Four posts in a week. This must be a record for us.
Apparently, this is the season for cartoons where the teenage protagonists mark the first episode with extended stays in the local correctional facility. Studio GONZO — my favorite punching bag — opens their latest sci-fi bullshit series with our bubblegum-pink-haired protagonist, who was apparently really popular in jail, getting discharged. It’s not clear exactly what our heroine was arrested for, but given that in the opening credits sequence she makes a tank explode by hitting it with a boomerang, she’s definitely a menace to society. She’s picked up by
her brother Elwood in a police car several of her friends from the local guerrilla group in a jeep. The only one of them I care about is the offensive transsexual stereotype, voiced by George Nakata, who battles the army with her whip (which can slice guns apart) and her feminine wiles. “A woman must never forget her lipstick when going into battle,” she reminds our heroine.
This show’s got all sorts of bullshit to offer! There’s some sort of mystical, heterochromatic little girl who’s carried around in one of those portable shrine-looking deals the Japanese love, and her retainers use the ceremonial anti-tank rifle on some poor fuckers out for a drive on the highway when they dare to cross her path. She also has some sort of magic dagger which resonates with the ceremonial dagger of the leader of the guerrilla faction and the ceremonial dagger of the young, honorable dog of the military who resents their “shoot first, never ask questions” policy. The ominous, obviously evil people, lead by a woman who likes to be toweled off by pretty young boys, make vague commentary on the events occurring in the episode in ways that will surely important in future episodes. And there’s a ten-year-old computer genius girl who wrote her doctoral dissertation on the methods of carbon credit market manipulation her supercomputer makes possible. And for some reason Tokyo’s been allowed to get almost entirely overgrown by plant life, except in the slums where the guerrillas live and in the city where the rich and powerful live.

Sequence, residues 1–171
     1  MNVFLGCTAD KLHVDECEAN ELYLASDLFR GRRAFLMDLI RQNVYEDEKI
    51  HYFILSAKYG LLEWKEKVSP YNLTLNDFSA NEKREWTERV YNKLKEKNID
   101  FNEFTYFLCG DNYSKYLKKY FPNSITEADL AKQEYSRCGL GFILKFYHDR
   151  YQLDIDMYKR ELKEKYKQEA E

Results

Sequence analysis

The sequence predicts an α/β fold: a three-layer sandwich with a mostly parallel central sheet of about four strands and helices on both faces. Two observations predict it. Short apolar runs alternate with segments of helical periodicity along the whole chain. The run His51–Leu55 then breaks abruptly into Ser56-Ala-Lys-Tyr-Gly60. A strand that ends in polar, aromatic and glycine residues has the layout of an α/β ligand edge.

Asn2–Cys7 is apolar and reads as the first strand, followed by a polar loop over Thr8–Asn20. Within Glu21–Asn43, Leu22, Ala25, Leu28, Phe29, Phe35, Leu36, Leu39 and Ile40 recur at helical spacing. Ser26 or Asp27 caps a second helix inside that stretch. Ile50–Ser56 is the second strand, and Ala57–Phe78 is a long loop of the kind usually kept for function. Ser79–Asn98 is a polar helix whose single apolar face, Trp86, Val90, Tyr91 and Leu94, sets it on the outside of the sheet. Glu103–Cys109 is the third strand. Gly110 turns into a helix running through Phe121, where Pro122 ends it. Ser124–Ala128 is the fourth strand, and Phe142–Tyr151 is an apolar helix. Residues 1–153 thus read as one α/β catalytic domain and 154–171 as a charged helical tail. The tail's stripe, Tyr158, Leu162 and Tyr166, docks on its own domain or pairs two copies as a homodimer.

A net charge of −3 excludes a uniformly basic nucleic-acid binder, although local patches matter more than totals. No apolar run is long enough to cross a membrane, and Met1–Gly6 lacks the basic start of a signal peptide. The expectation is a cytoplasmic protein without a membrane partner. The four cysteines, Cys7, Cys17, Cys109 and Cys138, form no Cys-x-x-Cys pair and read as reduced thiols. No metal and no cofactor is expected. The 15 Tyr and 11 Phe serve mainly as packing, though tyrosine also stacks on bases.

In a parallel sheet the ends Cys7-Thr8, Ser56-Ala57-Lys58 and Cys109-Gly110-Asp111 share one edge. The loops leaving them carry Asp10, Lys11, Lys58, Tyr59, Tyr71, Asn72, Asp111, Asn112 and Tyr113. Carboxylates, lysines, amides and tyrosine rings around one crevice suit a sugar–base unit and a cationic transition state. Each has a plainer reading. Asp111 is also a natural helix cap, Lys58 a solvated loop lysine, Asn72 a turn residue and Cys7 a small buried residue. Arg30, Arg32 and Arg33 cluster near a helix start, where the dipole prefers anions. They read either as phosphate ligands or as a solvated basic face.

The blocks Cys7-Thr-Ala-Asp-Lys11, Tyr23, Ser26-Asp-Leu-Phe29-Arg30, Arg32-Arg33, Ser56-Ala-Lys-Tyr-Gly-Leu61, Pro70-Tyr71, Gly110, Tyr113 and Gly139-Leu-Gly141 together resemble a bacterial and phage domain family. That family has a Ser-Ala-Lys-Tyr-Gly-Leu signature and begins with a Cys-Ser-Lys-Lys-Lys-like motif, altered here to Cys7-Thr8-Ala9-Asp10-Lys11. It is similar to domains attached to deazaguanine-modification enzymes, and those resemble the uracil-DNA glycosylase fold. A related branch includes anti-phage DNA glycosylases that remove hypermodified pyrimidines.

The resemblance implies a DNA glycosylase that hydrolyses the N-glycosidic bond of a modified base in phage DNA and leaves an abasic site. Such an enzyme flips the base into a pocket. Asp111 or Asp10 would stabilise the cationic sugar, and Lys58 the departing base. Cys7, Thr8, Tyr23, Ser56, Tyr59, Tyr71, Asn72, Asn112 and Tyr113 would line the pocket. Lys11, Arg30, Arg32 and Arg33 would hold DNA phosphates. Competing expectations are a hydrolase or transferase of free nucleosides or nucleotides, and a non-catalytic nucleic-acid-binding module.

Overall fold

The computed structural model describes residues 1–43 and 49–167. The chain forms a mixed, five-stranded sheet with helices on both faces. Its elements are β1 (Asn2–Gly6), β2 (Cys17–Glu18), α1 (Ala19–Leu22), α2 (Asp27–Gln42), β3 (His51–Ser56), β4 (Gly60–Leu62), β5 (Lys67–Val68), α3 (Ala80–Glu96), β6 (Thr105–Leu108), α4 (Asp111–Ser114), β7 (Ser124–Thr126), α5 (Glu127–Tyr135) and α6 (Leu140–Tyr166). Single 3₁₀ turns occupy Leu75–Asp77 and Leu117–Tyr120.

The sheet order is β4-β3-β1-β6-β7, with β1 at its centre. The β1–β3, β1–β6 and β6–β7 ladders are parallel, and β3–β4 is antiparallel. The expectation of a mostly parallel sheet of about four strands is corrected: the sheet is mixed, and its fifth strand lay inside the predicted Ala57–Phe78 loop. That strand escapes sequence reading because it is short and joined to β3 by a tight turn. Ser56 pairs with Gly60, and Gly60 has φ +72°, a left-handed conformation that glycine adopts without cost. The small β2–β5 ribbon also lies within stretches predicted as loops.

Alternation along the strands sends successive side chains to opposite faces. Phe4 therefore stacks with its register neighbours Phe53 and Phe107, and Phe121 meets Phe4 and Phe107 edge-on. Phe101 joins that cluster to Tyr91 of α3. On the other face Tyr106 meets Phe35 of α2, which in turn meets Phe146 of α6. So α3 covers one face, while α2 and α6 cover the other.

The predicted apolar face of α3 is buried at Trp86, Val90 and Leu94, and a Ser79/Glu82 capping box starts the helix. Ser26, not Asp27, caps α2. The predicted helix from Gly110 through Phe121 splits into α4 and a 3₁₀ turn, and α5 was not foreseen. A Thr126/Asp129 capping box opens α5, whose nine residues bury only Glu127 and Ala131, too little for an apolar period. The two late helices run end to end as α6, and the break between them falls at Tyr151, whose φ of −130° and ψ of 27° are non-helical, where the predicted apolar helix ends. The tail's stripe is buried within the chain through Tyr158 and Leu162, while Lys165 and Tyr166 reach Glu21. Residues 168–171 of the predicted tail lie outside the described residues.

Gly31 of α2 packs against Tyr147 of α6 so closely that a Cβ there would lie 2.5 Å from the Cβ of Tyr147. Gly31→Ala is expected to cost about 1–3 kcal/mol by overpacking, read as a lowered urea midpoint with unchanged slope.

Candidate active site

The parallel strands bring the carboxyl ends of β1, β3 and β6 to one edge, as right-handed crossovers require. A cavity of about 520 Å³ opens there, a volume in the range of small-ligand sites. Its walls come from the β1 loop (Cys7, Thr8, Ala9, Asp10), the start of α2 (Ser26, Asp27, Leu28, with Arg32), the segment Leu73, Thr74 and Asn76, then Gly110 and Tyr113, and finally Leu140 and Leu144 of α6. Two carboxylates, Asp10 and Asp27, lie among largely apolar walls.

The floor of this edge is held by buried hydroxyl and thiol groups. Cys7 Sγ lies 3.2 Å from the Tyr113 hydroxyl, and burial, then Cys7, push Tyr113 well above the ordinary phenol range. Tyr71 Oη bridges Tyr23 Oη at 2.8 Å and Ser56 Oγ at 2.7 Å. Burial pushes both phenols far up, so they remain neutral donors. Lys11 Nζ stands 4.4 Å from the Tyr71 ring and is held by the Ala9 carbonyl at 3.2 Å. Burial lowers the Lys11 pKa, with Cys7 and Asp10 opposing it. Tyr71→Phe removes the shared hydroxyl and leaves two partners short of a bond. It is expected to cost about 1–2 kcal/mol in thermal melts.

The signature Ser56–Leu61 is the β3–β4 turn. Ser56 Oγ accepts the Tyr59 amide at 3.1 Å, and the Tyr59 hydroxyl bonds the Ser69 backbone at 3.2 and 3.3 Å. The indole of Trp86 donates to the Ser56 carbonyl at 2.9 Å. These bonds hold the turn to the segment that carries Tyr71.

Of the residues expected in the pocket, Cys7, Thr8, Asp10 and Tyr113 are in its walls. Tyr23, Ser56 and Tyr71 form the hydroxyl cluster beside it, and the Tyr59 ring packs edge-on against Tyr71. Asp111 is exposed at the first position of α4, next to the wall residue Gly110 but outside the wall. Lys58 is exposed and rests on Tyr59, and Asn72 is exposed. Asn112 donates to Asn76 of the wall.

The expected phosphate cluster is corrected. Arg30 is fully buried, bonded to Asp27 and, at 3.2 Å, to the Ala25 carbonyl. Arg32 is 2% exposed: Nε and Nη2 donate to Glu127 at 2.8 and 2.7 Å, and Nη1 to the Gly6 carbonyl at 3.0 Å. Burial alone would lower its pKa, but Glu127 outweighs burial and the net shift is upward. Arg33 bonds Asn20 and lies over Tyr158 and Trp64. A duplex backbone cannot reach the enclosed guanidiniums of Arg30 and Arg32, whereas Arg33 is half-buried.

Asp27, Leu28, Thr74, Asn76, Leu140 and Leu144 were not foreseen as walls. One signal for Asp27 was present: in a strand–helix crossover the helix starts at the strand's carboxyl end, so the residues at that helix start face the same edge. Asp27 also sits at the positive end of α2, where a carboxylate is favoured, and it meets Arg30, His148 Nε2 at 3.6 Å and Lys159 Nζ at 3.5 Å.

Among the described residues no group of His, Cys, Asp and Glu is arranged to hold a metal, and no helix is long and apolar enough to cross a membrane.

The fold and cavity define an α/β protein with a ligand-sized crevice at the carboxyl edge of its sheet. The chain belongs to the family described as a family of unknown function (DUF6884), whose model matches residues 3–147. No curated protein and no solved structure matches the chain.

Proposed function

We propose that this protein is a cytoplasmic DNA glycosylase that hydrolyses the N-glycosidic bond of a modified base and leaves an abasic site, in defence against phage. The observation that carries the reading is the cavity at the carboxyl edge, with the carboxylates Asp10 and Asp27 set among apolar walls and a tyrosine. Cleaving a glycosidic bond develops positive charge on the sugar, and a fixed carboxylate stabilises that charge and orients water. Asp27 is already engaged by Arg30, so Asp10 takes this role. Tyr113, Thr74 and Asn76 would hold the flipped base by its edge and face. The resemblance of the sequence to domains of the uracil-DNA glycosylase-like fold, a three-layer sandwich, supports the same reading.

Visually, the show’s not bad or anything, but it is really unremarkable. Range Murata’s character designs are nice and all, but they’re translated into animation much more poorly than in Last Exile. Basquash! has way more interesting future-slum environment design, and the totally overgrown Tokyo concept is kinda overdone. The action scenes are amusingly stupid, with our heroes slashing apart military weapons with whips and boomerangs and such, but they’re not very exciting to watch. At least GONZO appears to have burnt themselves out on drawing little girls in their underwear for the time being. I’d say it’s on a similar level to, say, Sengoku Basara overall, except Basara has a lot more flair in the action scenes. Oh, and Macross Frontier fans, the opening theme is yet another Sheryl Nome song, if that’s the sort of thing that gets you hot.
I cracked up enough at the stupidity of what I was watching to warrant watching more of this show, but that doesn’t mean it’s, y’know, good. But hell, it’s a GONZO production, and that means they’re providing free, same-day subs on the Internet, so it’s not like it’s a lot of work to keep up with it.